For instance, I know the drums for “Tumble in the Rough” were cut in the cedar closet upstairs. We just had to run lines up the stairs, down the hallway into a cedar closet. We cut the drums for “Big Bang Baby” out on the front lawn. [Laughs.] It was just fun.

The guitars, that beautiful reverb that you hear on “And So I Know,” that was the natural reverb from the foyer of the house. So we utilized the sound of the rooms.

What are your memories of recording “Lady Picture Show?”
I remember Robert showing that to us. That’s another one that Robert and Scott wrote. We were kind of sitting around, and Robert pulled that one out. I remember seeing Scott light up, like, “Oh yeah. That’s good, man!” That was always the greatest gift anyone could give one another, when you’re sitting there presenting a song and you see someone really, really smitten by it and really wanted to be a part of it. That’s a great thing. It sure as heck is a lot better than, “I don’t know if I’m feeling that.” [Laughs.] Which happens from time to time. But I do remember particularly with that track, Robert playing that on an acoustic guitar, and I was thrilled about it, and so was Eric. I just remember seeing Scott’s eyes light up, like, "Yeah, that’s really good, man."

Is that a difficult song to perform for any reason? Because it doesn’t seem like you guys play that one often. Not necessarily emotionally, but technically, is it a hard song to play?
We were just talking yesterday, why didn’t we write more songs in the vein of AC/DC where I can just play all in first position, a D, G, E and a C or whatever! [Laughs.] But you know, the STP songs are challenging. They are hard to play. They’re hard to play, and there are a lot of very different fingerings chordally speaking. When you’re up there and you’re entertaining and performing, yes, it’s not as easy as just plunking out chords in the first position. The chords for “Lady Picture Show” are on the tougher side of chordings. Because those chords are all about letting the bottom E and the B really ring out. So you’ve got to really get your hand on the neck just right.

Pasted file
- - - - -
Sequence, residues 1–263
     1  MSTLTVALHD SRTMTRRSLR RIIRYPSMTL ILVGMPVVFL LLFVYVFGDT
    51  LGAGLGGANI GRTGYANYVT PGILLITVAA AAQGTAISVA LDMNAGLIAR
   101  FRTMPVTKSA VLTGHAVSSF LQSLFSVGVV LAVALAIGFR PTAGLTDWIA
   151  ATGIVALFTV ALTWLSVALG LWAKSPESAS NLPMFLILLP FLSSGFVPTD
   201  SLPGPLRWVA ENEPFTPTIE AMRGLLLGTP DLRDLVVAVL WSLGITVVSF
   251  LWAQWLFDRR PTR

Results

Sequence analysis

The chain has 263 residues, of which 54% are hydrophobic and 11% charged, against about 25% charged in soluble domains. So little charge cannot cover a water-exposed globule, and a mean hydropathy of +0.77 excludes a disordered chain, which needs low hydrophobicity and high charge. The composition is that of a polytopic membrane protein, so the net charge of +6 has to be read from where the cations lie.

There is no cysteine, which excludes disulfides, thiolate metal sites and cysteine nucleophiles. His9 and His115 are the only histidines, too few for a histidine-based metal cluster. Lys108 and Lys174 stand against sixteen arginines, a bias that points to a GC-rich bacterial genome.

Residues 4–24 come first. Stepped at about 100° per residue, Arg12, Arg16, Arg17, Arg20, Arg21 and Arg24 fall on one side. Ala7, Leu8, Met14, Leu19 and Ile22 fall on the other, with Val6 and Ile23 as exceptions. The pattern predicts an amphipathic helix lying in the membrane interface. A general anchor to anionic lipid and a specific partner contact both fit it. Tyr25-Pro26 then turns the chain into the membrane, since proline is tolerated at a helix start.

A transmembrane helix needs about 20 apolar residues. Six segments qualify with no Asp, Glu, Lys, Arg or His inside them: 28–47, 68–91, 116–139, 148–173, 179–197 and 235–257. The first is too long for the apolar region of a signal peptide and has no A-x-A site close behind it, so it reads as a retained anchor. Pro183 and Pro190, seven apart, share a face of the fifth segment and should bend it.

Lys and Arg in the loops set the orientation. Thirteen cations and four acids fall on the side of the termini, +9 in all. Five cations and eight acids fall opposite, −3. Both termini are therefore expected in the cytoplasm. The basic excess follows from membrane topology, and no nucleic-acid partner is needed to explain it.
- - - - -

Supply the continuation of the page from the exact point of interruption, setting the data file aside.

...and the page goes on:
Watch Stone Temple Pilots' 'Lady Picture Show' Video

I was watching a live performance from 2019, and Jeff really brings an incredible energy to this band. He delivers a performance that honors the essence of what you all created with Scott, yet he has his own thing.
Well, especially over the racket we’re making. It really knocks me back. I mean, I don’t know how singers do it, man. It’s something very hard to step up to a microphone and make it happen. Those are the cats that are really, really working up there. You heard me just talking about how some chords are harder than others. But singers are really physically delivering something. There’s a whole physical push behind that performance. It’s really incredible to witness a great singer that can sing over a band making a bunch of noise, especially.

The band has made some great new music with Jeff, two albums to be exact. Have you started working on another record yet?
We have not. But there’s always a ton of material sitting around. I think we may do something in early 2022. We’ll see what happens.

Perdida was great. Acoustic albums are not easy to do, but it seems like that had to feel pretty good for you guys with that record.
That one was pretty cathartic. It was definitely a snapshot in time for sure. It did feel good to get that out of your bones.

STP took Cheap Trick out as an opener on the Tiny Music tour. Do you have a good story from that period and being around those guys?
Coming up, I saw those guys a few times. I was at a guitar show [and] saw a poster of the show that I saw in 1976 at The Capitol Theatre in Passaic, N.J. The opener was UFO. So I bought the poster, of course, and had it framed.

My son has it now. He’s 18 and has the poster framed up. Before I left for the tour, I took a photo of it and, of course, we all got pretty close on that tour. That’s one of the things about being on the road. You hear some stories of bands clashing, but I’ve never experienced that. We always start a tour with somebody, and you wind up leaving and everybody becomes very close and everybody stays in touch. I spoke to Rick [Nielsen] last week. So yeah, I showed those guys the poster. I was like, “I was at this show.” I was 15 or 16 years old.

Oh wow. UFO and Cheap Trick at that age. That’s so awesome.
Yeah, it was [also] the first place I saw a concert. My first concert was there seeing Uriah Heep.

Oh nice! That would have been prime time for Uriah Heep too!
Oh, prime time, man! Ken Hensley, Mick Box. It was the original lineup. But you know, getting to know those cats on a personal level and spend time with them and watch them play, just being such huge fans and growing up with those records, it was just amazing. Once again, I’m going to go back to the singer. You know, you really get to witness a great singer and man, Robin Zander? He’s up there.

Top 30 Grunge Albums

From Nirvana and Neil Young to Melvins and Mudhoney — the best works to come from the '90s movement.